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Oncol Res. 1999;11(9):437-45.

Marked variation of thymidylate synthase and folylpolyglutamate synthetase gene expression in human colorectal tumors.

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Dipartimento di Farmacologia Preclinica e Clinica, Università degli Studi di Firenze, Italy.


Patients with advanced colorectal cancer are currently being treated with 5-fluorouracil (5-FU)-based chemotherapy. A growing number of patients with resectable disease receive adjuvant therapy with 5-FU/levamisole (LEV) or 5-FU/folinic acid (LV). However, many patients still fail on these treatments, due to occurrence of natural or acquired tumor resistance. Among clinically relevant mechanisms of resistance to fluoropyrimidines, increased expression of thymidylate synthase (TS) has been emphasized. Another potentially relevant mechanism involves a decrease in folylpolyglutamate synthetase (FPGS) expression. To establish the value of these genes as prognostic factors and predictors of the outcome of 5-FU-based chemotherapy in colorectal cancer, we measured their expression in colorectal tumors from patients undergoing surgery and postoperative chemotherapy and compared it with that in normal colonic mucosa. This was done by a semi quantitative, nonradioisotopic polymerase chain reaction (PCR) method using beta-actin as an internal standard and expressed as a TS/beta-actin or a FPGS/beta-actin mRNA ratio. In tumor samples from 21 colorectal cancer patients, TS gene expression varied 118-fold. The median TS/beta-actin ratio was, in fact, 41.36 x 10(-3) (range 2.49 x 10(-3) to 294.54 x 10(-3)). Little variation in TS gene expression was observed in corresponding normal colic mucosa; the TS/beta-actin gene ratio was lower (median 26.16 x 10(-3); range 8.49 x 10(-3) to 69.49 x 10(-3)). Among tumor explants from 20 patients, FPGS expression varied over 161-fold. A similar marked variation was also observed in normal colonic mucosal samples (over 185-fold). Overall and disease-free survival data suggest an inverse association between the level of tumor TS and FPGS expression and clinical prognosis. The availability of this sensitive and accurate assay for gene expression should now make it possible to extend these laboratory/clinical correlations to larger populations.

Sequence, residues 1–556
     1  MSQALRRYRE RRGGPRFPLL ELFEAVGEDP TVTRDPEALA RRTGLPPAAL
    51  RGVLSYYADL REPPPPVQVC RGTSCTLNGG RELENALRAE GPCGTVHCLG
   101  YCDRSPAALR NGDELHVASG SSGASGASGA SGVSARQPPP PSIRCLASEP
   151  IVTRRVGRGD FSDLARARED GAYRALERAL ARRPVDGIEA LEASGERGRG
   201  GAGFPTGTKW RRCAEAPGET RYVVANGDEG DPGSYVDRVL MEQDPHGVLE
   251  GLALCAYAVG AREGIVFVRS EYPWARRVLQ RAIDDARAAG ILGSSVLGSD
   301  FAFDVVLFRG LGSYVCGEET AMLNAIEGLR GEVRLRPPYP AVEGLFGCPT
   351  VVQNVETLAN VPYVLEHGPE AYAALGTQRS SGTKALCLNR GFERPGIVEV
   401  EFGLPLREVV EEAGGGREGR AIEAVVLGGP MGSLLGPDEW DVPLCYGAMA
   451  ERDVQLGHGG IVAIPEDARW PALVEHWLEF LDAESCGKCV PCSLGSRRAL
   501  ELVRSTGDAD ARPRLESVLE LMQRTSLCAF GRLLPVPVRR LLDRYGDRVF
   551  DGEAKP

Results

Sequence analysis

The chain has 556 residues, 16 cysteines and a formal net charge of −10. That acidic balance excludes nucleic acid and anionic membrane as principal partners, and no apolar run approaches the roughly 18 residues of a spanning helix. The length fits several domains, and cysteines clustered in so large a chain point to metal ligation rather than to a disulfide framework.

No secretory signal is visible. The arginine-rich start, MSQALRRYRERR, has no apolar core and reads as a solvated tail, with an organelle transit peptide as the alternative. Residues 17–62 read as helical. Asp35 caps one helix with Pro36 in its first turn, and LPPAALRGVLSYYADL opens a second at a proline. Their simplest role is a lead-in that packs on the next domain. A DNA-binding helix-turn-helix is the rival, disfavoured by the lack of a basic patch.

[Indexed for MEDLINE]

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